TITLE

RISK FACTORS, MORTALITY AND RECOVERY OF STROKE: A prospective study on 1000 Patients

AUTHOR(S)
Mughal, Shaheen Ahmed; Aziz, Hasan
PUB. DATE
July 2010
SOURCE
Pakistan Journal of Medical Sciences;Jul2010, Vol. 26 Issue 3, p520
SOURCE TYPE
Academic Journal
DOC. TYPE
Article
ABSTRACT
Objective: To determine whether a single or multiple risk factors have a relative significance on the mortality and morbidity of stroke and whether previous treatment of major risk factors like hypertension and diabetes mellitus had any positive influence on the clinical outcome. Methodology: One thousand consecutive cases of acute stroke were included in this prospective descriptive study conducted at the Dept. of Neurology, Jinnah Postgraduate Medical Centre, Karachi from Dec. 1985 to July 1988. A special proforma was designed to collect all the relevant clinical information. Functional status was assessed by using the Barthel Index activity score. Scores obtained at admission were compared with the scores obtained at six weeks follow-up. The results were then analyzed in the background of various risk factors present. Similar observations were made in assessing the mortality. The pre-stroke treatment status of major risk factors like hypertension and diabetes mellitus was also studied. Results: Of the 1000 cases, 61% were male and 39% female. Majority of the cases were in the age group 60-69 years. Hypertension (HTN) alone was present in 58.3% followed by diabetes mellitus (DM) 5%, ischemic heart disease (IHD) 1.3%, whereas in 19.8% HTN, DM, IHD were present in various combinations, 1.5% had Valvular Heart Disease (VHD) while 14.1% had none of the above risk factors. Six-weeks follow-up was available on (673/1000) 67% cases. Gross mortality was 59% (396/673). Higher mortality was seen in cases with Glasgow Coma Scale (GCS) range 3-9/15. Risk factor profile in fatal cases showed that 221/379 (58%) had HTN, 21/32 (65%) had DM, 6/12 (50%) had IHD and 6/10 (60%) had Valvular heart disease (VHD). Some patients had multiple risk factors, among those 60/95 (63%) had HTN + DM, 19/41 (46%) had HTN + IHD, 5/7 (71%) had DM+ IHD, 11/16 (68%) had HTN + DM + IHD while 47/81 (58%) had none of the above risk factors. Relative influence of individual risk factor or in combination was not statistically significant. The functional recovery showed no significant relative difference among patients with different risk factors. There was no significant difference in the outcome among treated and untreated hypertensive and diabetic patients. Conclusions: Individual or multiple risk factors do not have a relative influence on the higher morbidity and mortality in stroke. For poor prognosis severity of stoke at onset is more important than the type of risk factors. Furthermore, there was no difference in outcome in patients who got pre-stroke treatment compared to those who had no treatment.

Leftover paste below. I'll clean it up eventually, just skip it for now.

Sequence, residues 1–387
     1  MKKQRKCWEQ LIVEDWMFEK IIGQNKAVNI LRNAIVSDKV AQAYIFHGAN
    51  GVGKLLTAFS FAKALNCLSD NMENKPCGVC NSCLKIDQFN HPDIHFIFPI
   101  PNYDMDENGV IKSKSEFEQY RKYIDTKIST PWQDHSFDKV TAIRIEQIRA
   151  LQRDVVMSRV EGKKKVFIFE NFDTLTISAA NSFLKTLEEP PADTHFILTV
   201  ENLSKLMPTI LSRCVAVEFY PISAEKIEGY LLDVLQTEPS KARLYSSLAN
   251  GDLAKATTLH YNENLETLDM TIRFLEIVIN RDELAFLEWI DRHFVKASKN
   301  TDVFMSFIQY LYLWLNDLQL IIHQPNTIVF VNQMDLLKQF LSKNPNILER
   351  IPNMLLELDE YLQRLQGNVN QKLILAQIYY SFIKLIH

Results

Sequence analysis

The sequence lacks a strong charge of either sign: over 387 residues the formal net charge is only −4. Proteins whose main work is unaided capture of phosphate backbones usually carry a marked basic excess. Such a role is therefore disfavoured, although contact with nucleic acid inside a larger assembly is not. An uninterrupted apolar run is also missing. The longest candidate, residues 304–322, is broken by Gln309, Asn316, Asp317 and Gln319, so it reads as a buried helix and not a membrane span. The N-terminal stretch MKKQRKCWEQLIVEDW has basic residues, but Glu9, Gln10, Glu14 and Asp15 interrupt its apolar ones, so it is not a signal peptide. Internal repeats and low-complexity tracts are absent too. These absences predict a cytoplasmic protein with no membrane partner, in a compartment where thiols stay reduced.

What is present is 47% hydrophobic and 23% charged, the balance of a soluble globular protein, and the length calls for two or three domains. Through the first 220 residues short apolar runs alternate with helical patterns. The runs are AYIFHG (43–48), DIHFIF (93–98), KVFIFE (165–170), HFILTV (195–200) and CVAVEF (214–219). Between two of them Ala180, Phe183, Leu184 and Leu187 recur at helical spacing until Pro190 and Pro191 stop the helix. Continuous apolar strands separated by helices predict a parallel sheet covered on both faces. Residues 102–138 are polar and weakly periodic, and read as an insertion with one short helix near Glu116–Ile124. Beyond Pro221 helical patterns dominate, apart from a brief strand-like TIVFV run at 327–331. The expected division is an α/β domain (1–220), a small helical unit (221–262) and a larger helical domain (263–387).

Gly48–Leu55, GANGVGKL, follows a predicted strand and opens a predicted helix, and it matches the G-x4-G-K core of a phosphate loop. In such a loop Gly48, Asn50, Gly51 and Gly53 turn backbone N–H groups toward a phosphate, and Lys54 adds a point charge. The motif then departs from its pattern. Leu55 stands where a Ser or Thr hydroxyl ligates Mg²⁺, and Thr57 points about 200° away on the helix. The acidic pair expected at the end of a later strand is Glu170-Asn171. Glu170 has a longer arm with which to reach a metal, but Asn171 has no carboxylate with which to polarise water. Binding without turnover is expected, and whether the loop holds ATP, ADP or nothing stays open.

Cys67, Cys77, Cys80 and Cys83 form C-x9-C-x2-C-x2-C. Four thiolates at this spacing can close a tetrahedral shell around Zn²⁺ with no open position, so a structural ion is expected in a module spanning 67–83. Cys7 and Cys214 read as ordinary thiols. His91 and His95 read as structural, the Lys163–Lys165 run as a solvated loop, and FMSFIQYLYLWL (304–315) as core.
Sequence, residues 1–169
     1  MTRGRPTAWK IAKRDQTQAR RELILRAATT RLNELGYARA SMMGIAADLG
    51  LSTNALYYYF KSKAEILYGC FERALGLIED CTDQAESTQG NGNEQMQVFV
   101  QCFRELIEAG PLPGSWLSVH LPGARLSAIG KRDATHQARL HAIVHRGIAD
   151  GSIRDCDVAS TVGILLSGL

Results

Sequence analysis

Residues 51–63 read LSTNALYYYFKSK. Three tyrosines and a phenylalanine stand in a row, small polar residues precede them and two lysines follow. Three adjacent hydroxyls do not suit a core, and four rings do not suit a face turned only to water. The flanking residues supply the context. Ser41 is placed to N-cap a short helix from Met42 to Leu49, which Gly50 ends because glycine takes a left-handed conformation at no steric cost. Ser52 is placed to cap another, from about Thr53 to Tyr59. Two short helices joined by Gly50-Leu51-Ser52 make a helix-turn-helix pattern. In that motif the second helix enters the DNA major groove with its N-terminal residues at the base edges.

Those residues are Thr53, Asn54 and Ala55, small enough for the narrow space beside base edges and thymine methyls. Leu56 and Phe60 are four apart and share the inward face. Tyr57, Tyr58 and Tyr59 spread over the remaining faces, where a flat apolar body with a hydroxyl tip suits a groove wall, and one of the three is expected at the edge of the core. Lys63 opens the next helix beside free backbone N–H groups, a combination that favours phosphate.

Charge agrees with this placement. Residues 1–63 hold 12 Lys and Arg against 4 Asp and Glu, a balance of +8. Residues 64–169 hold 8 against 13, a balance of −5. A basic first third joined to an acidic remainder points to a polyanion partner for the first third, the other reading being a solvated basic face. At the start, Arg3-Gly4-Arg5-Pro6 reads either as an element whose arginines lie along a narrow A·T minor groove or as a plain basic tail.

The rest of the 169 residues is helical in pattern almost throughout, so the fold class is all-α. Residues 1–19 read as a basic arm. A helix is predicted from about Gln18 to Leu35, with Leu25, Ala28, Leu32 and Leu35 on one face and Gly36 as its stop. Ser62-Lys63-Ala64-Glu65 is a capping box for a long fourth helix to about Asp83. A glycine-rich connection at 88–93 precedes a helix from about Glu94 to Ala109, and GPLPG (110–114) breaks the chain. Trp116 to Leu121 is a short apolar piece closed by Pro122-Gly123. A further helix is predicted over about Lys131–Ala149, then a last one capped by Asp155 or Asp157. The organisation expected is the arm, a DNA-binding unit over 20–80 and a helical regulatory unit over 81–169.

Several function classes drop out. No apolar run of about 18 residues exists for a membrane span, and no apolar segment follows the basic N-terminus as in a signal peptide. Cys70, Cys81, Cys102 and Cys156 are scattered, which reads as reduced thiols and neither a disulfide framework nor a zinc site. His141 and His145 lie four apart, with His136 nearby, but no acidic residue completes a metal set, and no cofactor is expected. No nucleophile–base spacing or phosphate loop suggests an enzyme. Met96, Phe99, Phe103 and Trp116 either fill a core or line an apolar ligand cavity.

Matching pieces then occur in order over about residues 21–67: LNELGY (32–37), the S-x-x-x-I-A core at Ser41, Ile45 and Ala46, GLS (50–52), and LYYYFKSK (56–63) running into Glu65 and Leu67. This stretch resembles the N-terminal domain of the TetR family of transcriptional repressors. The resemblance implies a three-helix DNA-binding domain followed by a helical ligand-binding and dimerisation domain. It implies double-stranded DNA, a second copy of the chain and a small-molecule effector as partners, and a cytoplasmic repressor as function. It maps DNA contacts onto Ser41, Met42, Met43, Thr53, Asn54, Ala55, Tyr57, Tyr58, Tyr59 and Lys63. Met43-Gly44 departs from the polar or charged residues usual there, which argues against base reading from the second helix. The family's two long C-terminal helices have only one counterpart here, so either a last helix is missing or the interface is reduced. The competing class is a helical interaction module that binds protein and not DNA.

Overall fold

ACCESSION #
54425058

 

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